“It is better for 10 guilty men to go free than for one innocent man to be imprisoned,” goes the adage. It refers to the standard of justice in the U.S. court system.

But it shouldn’t be applied to federal immigration policy, as some might suggest.

On the issue of Syrian refugees, the protection of the citizenry must be the highest priority. That means a serious overhaul of the vetting system for refugees, which has come into question.

Last year, FBI Assistant Director Michael Steinbach outlined the challenge, noting “the concern in Syria is that we don’t have the systems in places on the ground to collect the information. … All of the data sets, the police, the intel services that normally you would go and seek that information (from) don’t exist,” according to The Washington Times.

If ISIS is crushed, its members essentially will scatter to the four winds in a new “terrorist diaspora,” FBI Director James Comey recently told Congress. Many will try to make their way into the United States.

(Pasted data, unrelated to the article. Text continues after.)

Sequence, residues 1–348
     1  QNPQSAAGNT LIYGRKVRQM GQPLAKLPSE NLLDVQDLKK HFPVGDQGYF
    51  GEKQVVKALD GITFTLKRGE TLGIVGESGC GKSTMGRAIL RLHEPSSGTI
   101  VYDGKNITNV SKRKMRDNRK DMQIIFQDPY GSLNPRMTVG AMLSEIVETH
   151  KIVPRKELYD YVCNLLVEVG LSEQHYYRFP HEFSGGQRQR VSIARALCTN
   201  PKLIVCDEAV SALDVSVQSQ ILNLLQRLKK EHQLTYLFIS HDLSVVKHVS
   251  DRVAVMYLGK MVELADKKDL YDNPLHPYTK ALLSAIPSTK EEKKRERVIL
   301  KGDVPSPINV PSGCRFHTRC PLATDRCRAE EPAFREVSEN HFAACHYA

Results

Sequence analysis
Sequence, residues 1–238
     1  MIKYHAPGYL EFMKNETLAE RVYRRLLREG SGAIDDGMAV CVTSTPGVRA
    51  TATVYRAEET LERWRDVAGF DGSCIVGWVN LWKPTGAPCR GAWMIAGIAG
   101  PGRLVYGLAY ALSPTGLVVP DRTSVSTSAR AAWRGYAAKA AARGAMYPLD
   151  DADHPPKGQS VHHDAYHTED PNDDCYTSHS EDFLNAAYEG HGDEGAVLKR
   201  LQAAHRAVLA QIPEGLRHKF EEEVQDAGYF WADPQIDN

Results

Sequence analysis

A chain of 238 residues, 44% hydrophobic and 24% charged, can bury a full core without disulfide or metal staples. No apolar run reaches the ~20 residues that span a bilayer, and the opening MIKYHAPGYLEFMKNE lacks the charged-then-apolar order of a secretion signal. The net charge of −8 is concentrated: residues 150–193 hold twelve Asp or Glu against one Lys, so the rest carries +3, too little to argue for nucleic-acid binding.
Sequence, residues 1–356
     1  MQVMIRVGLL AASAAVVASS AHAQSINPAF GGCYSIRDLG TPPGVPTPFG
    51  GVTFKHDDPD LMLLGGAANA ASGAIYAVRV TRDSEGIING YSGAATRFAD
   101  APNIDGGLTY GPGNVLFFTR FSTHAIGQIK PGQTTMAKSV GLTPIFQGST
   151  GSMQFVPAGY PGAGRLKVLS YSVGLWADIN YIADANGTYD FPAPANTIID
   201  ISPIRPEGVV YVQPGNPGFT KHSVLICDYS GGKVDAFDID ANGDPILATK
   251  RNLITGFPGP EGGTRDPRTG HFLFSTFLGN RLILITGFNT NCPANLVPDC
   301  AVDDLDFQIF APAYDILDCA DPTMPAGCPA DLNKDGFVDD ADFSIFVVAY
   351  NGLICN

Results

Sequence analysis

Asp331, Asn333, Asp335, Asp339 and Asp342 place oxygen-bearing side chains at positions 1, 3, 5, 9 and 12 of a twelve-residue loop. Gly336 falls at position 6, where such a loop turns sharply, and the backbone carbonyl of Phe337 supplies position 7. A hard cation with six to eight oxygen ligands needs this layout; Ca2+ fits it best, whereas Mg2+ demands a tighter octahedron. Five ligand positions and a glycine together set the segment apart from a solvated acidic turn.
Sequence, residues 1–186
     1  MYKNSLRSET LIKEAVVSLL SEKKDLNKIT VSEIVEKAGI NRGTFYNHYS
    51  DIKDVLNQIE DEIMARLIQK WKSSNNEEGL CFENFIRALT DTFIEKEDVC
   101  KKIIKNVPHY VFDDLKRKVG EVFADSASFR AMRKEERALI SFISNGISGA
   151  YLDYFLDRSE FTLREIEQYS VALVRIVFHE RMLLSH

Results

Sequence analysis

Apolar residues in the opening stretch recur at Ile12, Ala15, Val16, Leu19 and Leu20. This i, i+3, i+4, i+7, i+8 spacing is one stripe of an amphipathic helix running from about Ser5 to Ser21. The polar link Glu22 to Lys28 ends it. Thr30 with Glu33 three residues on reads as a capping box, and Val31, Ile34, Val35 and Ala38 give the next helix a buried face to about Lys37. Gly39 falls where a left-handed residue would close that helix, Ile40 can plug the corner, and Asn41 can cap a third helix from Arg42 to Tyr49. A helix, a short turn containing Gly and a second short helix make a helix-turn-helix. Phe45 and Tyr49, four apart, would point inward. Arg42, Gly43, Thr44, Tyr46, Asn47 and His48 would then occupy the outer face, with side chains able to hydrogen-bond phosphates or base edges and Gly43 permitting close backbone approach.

That’s a frightening scenario, given that Islamic militants already have killed 63 Americans on U.S. soil in the past year. Never mind reports that about 750 immigrants who were ordered deported instead were granted citizenship.

The federal government needs to slow down refugee immigration screening, not speed it up, as President Obama and Democrat presidential candidate Hillary Clinton have proposed. National security must be the foremost consideration.


(c)2016 The Pittsburgh Tribune-Review (Greensburg, Pa.)

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